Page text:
Qantas rankings drop in Australia’s best brands

Qantas has fallen to the 41st position in an evaluation of the strength of Australian brands, primarily due to negative media coverage resulting from reputational issues. This is a significant decline from 2019 when the airline held the top position as the country’s strongest brand in a similar report. A recent Brand Finance report, ranking Australia’s 100 most valuable and strongest brands in 2024, revealed that Bunnings retained its position as the strongest brand for the third consecutive year, while Woolworths remained the most valuable brand, despite a 5% decrease in brand value.

The collective value of the top 100 brands increased by 2.5% to $199 billion, with 60 brands experiencing an increase in value, 36 witnessing declines, and four new brands entering the list. Brand value, defined as the present value of earnings directly associated with brand reputation, was assessed alongside brand strength, considering factors such as customer perceptions and market share.

The report highlighted Qantas’ substantial drop of 22 places in brand strength since the previous assessment, attributing it mainly to reputational issues resulting in negative media coverage. Qantas also saw a 7% decrease in brand value to $2.8 billion, despite climbing one spot to become the 17th most valuable brand, driven by increased revenue. In contrast, Jetstar ascended 20 places to become the 46th strongest brand, even though it experienced a 5% decline in brand value to $578 million, influenced by falling revenues from domestic flights amid inflationary pressures.

Bunnings, maintaining its position as Australia’s strongest brand, witnessed a 20% increase in brand value to $6.5 billion, coupled with a 3.7% growth in in-store sales. The company’s strategic investments in digital channels and enhancements to its website and phone applications contributed to strengthening its market position.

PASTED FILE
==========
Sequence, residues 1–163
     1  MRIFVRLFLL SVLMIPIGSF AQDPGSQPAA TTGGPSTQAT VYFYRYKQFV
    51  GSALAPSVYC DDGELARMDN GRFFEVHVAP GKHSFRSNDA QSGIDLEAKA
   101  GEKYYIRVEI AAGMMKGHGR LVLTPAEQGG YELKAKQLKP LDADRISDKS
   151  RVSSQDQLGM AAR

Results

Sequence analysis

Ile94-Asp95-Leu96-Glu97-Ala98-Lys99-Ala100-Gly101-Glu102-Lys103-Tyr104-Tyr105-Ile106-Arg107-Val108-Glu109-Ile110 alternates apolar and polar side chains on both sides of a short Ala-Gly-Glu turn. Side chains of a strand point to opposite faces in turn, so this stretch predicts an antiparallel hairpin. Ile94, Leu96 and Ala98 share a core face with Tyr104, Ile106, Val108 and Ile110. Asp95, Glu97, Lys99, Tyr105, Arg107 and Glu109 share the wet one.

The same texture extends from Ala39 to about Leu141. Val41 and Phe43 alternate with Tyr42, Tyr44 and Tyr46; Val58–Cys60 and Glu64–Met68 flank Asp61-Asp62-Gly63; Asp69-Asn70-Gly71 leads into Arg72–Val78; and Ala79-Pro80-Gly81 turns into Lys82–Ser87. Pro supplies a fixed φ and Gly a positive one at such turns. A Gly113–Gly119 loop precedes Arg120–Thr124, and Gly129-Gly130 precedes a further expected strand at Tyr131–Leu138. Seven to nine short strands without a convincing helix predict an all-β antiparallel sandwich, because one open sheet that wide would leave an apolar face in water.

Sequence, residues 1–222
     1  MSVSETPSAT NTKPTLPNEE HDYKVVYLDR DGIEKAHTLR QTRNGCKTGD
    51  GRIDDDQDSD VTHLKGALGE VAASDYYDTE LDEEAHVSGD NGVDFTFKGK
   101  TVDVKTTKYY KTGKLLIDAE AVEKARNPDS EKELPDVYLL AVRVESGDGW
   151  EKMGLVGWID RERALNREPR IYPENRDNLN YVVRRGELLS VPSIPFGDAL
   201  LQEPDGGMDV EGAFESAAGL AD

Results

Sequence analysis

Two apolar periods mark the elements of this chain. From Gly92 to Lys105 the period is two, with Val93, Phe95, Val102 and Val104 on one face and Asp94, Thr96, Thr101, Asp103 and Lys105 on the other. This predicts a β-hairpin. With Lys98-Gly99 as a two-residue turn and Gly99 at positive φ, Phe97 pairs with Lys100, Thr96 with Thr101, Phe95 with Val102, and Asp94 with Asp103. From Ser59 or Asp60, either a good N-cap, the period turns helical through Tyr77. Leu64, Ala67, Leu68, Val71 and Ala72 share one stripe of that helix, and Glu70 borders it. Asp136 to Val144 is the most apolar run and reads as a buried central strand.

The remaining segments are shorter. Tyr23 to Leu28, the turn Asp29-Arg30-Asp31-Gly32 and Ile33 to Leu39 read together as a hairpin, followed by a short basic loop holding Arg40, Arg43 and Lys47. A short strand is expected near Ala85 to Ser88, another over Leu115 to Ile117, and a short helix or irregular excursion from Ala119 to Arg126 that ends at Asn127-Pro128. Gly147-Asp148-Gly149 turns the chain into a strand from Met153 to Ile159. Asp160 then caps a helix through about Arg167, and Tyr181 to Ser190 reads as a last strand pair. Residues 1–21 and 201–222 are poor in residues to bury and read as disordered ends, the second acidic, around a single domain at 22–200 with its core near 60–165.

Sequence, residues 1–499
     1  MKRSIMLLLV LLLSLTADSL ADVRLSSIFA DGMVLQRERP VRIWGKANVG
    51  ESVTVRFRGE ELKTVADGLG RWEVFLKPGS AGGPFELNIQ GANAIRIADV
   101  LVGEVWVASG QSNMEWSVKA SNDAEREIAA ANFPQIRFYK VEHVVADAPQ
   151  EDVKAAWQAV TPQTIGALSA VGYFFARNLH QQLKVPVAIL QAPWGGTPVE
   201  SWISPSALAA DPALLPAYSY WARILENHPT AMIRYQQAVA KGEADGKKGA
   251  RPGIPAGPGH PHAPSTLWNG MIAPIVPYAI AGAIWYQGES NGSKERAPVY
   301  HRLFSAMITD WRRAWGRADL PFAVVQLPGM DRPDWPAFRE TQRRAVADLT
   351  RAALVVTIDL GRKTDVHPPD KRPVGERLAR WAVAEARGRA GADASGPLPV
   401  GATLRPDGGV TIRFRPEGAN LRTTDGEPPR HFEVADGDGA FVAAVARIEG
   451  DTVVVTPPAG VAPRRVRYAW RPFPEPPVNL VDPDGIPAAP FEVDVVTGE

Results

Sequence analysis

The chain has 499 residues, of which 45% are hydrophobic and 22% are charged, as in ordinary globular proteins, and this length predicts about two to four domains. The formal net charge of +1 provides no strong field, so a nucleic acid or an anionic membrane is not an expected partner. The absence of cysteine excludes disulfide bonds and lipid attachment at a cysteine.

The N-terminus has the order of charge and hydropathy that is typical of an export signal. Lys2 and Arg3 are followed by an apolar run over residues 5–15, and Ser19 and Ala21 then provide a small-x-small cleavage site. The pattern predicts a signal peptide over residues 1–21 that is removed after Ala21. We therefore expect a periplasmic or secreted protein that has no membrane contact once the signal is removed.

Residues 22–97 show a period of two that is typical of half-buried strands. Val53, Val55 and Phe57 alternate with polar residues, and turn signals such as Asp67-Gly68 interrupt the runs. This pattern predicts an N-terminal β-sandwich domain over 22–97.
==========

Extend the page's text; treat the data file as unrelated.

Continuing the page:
NRMA Insurance claimed the second-strongest brand position, rising seven spots and surpassing Woolworths, whose brand value decreased by 91% to $2 billion. The report noted the impact of the cost-of-living crisis on Woolworths, Coles, and Bunnings, all affected by a decline in real retail spending due to consumers tightening discretionary purchases amid rising living costs.

Despite a 5% decline in brand value to $15.4 billion, Woolworths retained its status as the most valuable brand. Telstra, Commonwealth Bank, and Coles followed as the top four most valuable Australian brands, maintaining their positions despite brand value declines. Woolworths’ commitment to enhancing customer experience, including a new app feature for better purchase tracking, contributed to its continued success. The report also highlighted the banking sector’s outperformance compared to the retail sector, with 10% year-on-year growth and eight out of 11 banking brands experiencing increases in brand value.

Mark Crowe, the managing director of Brand Finance Australia, emphasized the importance of strong brands during challenging economic times. He noted that robust brands play a crucial role in either growing or minimizing the loss of value, mitigating reputational risks, and providing reassurance to consumers facing cost-of-living pressures.

The report delved into the ranking of brands by value, revealing Woolworths, Telstra, Commonwealth Bank, and Coles as the top four most valuable Australian brands, maintaining their positions despite declines in brand value. Woolworths, with a brand value of $15.4 billion, defended its crown, even with a 5% decrease. Telstra secured the second position with a marginal 1% drop in brand value to $13 billion. Commonwealth Bank, in third place, experienced a 7% decline to $10.6 billion, and Coles saw a 9% decrease to $9.8 billion.

Interestingly, the banking sector outperformed the retail sector, with eight out of 11 banking brands posting increases in brand value. The sector achieved a noteworthy 10% year-on-year growth, surpassing the retail sector’s 2% growth.

The competitive landscape and challenges faced by major brands were highlighted, particularly in the context of a cost-of-living crisis impacting Woolworths, Coles, and Bunnings. These brands were adversely affected by a decline in real retail spending for three consecutive quarters, attributed to consumers tightening their discretionary purchases amid rising living costs.

Despite Woolworths facing a decline in brand value, the report commended the company for remaining committed to elevating customer experience. The introduction of a new app feature enabling better tracking of purchases was cited as an example of Woolworths’ efforts to enhance customer satisfaction and engagement.

As the Australian business landscape continues to evolve, with economic challenges and changing consumer behaviors, the insights provided by the Brand Finance report offer valuable perspectives on the resilience and adaptability of leading brands in navigating these dynamics.

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